Then I decided to rerun the diagnostics to see if there was any changes. It showed no E codes No B codes but it then showed an 033H (I think H means a history code). I can't find that code in my service manual.

Here are the readings again after about 2 minutes of running, key on, engine off.

E01-.44

E04-54

E06-23.8

E08-70

E10-12

E11-20 (not a typo)

E12-0

E16-0

E17-0

E18-0

E19-128

E20-128

E21-0

E22-150

E23-18

E98-3

E99-9044

Does anyone know what an 033 code is?

Where do I go from here? I haven't replaced the TPS, the EGR or the coolant sensor. I also have not replaced the plugwires. I am also wondering if the vapor canister could be causing these issues? Am I looking at mechanical issues like valve train, camshaft wear or something else?

In the next few days I'm going up to the local parts house to see if they have a test kit to check my gas to see if I have water in it as I seem to have eliminated everything else.

I'm at a complete loss at this point. The wife is making noises about wanting her half of the garage back. I may just push it out to end of the driveway and let it rot.

Greg

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Have you ever ran the car with the large plastic hose that connects between the MAF sensor and the air cleaner removed to see if the engine is spitting back through the intake? You should also hear an odd sound,sort of like an air compressor chugging if the valve timing is off enough to cause your problem.

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QUOTE, They were all black and gas fouled.

From the little I know the engine has to be running very rich. Have you checked for a blockage between the throttle body and the air inlet? A collapsed air cleaner? I wonder why the 02 sensor is not sending a rich trouble code. Good Luck.

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A couple of quick points. When I replaced the CPS I inspected the harmonic balancer carefully as well as the crank key. It looked great.

Ronnie, I haven't run it with the big plastic hose disconnected. On my F250, if this is off, the engine won't run. I can try that and I'll report back. The thing is that the engine really doesn't run very well at all.

I agree it shows an overly rich condition. I hope someone can tell me what a 033 code is. I cleaned the MAF and throttle body a couple of weeks ago and didn't see any obstructions. The air filter was also recently replaced.

To recap, new crank position sensor, new cam position sensor, new MAF, new ECM, new plugs, rebuilt (all 6) fuel injectors, Cleaned all grounds, tested alternator (good), used Delco ICM and coils (Padgett upgrade), all with no change in running condition. I am really discouraged. :(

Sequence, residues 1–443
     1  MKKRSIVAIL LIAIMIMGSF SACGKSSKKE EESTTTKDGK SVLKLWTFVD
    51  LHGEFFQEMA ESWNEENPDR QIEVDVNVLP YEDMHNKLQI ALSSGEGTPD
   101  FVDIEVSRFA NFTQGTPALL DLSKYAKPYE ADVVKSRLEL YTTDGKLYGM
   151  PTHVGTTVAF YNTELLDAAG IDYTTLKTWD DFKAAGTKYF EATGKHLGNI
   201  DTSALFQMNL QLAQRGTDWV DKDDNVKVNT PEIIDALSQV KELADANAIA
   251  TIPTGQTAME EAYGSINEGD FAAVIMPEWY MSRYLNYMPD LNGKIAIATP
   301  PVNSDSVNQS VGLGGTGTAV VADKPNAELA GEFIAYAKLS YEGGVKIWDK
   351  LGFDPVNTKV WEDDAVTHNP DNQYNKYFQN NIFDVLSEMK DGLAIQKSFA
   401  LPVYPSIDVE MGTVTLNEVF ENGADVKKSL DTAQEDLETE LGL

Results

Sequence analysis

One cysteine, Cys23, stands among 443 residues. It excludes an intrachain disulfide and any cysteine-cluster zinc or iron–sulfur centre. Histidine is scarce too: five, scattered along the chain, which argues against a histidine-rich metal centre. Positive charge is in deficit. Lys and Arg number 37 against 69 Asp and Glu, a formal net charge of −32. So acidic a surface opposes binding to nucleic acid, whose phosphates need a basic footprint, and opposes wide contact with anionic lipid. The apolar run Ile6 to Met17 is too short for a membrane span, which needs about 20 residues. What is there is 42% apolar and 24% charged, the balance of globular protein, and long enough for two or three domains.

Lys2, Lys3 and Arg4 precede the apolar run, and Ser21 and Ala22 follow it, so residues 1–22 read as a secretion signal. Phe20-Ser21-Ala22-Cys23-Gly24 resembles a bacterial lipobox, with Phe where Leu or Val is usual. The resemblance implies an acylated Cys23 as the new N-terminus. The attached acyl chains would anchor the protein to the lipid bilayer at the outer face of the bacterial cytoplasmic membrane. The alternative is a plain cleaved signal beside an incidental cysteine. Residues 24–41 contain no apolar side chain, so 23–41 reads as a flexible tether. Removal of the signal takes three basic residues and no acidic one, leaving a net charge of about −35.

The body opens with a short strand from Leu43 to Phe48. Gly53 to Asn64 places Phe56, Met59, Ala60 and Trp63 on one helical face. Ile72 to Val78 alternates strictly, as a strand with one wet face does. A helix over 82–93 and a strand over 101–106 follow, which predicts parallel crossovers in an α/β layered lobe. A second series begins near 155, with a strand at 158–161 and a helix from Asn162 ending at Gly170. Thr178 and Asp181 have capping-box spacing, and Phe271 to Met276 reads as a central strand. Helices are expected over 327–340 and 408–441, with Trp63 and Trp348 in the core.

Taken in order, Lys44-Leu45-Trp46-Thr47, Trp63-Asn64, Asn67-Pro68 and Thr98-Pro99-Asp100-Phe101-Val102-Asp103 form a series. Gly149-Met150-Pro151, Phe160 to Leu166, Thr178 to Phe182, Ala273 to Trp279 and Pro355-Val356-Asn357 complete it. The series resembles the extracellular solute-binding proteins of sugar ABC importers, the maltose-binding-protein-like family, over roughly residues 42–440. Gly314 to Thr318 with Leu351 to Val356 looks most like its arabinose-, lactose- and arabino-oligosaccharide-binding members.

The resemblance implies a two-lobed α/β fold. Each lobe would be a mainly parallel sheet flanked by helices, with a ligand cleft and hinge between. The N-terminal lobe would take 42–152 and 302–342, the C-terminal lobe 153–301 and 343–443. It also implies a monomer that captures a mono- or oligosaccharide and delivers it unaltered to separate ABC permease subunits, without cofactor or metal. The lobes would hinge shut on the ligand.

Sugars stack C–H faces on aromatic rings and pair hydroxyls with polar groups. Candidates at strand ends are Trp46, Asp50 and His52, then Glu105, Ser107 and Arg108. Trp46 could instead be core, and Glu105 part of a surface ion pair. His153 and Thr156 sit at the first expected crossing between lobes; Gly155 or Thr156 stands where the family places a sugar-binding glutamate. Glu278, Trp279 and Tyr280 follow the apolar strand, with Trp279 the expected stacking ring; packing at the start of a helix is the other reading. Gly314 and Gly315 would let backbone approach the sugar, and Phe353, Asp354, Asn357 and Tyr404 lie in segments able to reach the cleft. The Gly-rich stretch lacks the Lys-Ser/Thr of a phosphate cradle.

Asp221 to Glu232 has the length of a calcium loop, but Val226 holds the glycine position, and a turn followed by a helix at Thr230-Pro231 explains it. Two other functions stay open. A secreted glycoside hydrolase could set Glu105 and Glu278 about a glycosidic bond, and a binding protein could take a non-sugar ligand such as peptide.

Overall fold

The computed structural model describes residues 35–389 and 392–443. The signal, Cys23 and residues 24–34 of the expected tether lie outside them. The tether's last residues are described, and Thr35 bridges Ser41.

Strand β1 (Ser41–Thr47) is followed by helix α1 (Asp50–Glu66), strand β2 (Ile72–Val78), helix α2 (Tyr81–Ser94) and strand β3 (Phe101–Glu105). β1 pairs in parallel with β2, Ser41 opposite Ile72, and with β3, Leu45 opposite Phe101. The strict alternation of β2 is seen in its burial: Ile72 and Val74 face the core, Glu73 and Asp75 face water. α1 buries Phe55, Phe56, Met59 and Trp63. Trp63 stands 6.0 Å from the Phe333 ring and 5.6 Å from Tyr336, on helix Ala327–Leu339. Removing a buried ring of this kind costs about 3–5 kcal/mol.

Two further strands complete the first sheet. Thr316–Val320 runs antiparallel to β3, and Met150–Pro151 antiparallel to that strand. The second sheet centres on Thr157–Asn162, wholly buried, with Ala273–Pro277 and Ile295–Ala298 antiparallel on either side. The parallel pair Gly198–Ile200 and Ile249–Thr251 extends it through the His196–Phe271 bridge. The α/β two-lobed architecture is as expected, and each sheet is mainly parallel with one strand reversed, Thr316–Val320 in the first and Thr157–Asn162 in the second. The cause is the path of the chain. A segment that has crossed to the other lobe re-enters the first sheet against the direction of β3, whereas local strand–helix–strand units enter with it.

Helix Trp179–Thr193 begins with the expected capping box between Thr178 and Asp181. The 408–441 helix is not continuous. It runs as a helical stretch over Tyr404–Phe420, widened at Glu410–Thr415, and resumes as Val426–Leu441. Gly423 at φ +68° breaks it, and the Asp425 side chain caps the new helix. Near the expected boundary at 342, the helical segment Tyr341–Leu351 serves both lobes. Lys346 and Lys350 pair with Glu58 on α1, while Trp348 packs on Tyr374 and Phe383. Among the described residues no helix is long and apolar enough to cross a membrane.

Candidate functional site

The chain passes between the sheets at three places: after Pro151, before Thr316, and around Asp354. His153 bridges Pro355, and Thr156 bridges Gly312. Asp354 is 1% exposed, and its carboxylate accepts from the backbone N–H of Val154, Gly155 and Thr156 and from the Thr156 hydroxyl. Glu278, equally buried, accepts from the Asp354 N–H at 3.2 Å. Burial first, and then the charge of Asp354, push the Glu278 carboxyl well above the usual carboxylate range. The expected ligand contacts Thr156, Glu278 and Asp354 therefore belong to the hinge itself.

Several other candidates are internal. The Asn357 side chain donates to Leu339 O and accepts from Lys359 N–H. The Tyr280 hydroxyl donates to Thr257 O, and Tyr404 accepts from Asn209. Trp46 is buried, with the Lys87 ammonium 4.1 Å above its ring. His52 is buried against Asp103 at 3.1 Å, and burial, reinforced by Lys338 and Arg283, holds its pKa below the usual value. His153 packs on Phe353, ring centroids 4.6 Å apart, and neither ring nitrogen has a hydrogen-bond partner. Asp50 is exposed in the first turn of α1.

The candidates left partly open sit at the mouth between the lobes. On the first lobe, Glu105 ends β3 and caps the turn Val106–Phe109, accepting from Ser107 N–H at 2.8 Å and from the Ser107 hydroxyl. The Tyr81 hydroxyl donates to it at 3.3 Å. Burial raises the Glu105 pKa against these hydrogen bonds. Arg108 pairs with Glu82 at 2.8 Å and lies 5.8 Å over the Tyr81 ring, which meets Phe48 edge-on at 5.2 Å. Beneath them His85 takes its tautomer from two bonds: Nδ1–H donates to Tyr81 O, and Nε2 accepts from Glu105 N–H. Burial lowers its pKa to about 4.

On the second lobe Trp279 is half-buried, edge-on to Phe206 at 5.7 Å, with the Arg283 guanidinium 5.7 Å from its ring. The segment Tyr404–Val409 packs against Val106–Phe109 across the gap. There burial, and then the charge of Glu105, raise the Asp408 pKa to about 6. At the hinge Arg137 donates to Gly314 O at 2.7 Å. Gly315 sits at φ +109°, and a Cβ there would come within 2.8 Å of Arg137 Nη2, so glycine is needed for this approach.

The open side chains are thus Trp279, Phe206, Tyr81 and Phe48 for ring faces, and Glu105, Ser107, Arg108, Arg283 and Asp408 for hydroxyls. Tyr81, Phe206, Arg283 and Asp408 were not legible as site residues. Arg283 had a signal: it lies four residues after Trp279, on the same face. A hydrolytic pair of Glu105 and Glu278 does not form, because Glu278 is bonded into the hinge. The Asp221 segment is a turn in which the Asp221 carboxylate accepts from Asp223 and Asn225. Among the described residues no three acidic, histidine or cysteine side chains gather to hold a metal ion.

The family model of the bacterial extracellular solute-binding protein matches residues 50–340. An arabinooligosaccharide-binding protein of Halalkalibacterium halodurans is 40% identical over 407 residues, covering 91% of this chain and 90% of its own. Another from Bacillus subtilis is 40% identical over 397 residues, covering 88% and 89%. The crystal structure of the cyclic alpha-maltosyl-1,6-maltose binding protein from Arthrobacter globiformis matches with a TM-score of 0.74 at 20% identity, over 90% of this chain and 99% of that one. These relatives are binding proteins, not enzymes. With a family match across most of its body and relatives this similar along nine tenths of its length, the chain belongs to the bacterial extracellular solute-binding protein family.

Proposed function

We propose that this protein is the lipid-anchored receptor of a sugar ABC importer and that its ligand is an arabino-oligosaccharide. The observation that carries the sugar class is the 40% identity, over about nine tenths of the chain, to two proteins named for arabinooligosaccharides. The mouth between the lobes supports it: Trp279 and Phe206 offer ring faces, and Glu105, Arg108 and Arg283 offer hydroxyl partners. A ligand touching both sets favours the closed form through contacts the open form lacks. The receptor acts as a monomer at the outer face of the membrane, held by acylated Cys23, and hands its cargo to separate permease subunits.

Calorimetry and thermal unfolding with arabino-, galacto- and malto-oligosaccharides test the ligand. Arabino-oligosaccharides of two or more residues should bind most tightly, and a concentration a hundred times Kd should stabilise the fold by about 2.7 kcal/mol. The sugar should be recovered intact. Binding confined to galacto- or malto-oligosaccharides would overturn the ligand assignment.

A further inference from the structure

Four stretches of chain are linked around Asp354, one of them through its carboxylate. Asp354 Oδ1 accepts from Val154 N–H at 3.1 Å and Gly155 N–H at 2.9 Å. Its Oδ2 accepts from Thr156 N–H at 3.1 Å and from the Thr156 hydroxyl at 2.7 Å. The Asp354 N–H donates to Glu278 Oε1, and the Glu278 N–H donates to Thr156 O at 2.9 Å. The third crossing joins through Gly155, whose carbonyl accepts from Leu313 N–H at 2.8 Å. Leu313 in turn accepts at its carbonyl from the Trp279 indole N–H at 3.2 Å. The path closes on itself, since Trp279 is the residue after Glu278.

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I understand how you would be discouraged. I wish the car was here. I like a puzzle and this certainly is one.

I can't find anything on a code 033 for a Reatta. Below I have listed some OBD1 codes. I don't believe the 3.8 uses a MAP sensor.

If the plugs are getting wet consistently, the following things can be responsible.

  1. Too much gas is being injected. -I doubt this is it
  2. Bad fuel, maybe water contaminated, that won't burn -possible
  3. Weak or no spark to ignite the gas. -possible (could be plug wires as you mention
  4. Not getting spark or gas at the right time. (valve timing or CPS system still has problems)

Some way you are going to have to narrow down what it is. Maybe a compression check is in order. It might tell you something about the valve timing if the engine won't run to check for spitting back through the intake.

Wish I could offer more help. It is hard to do without hearing or seeing the engine.

GM OBD-1 Diagnostic Trouble Codes

For 1995-previous model year EFI-equipped GM vehicles. NOTE: Some codes not supported on all models, consult your specific vehicle's service manual for the correct trouble code list and description for your application.

DTC - 12 No distributor reference pulse (diagnostic test active)

DTC - 13 Oxygen sensor circuit open or no activity

DTC - 13 Left bank O2 sensor circuit open or no activity

DTC - 14 Engine coolant temp sensor error (high temp indicated)

DTC - 15 Engine coolant temp sensor error (low temp indicated)

DTC - 16 System voltage too low

DTC - 17 Camshaft position sensor error

DTC - 21 Throttle Position sensor error (signal high)

DTC - 22 Throttle position sensor error (signal low)

DTC - 23 Intake air temp sensor error (low temp indicated)

DTC - 24 Vehicle speed sensor error (open circuit or no activity)

DTC - 25 Intake air temp sensor error (high temp indicated)

DTC - 26 Quad Driver Module (QDM A) error

DTC - 28 Auto transmission range pressure switch error

DTC - 31 Wastegate solenoid circuit error

DTC - 31 Gear Position Switch (PRNDL) error

DTC - 32 EGR system failure

DTC - 33 MAP sensor circuit error (signal high indicating low vacuum)

DTC - 34 MAP sensor circuit error (signal low indicating high vacuum)

DTC - 35 IAC problem or idle error

DTC - 36 MAF sensor error

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Open air cleaner remove filter, look for something cloging the intake. Try running without filter and cover.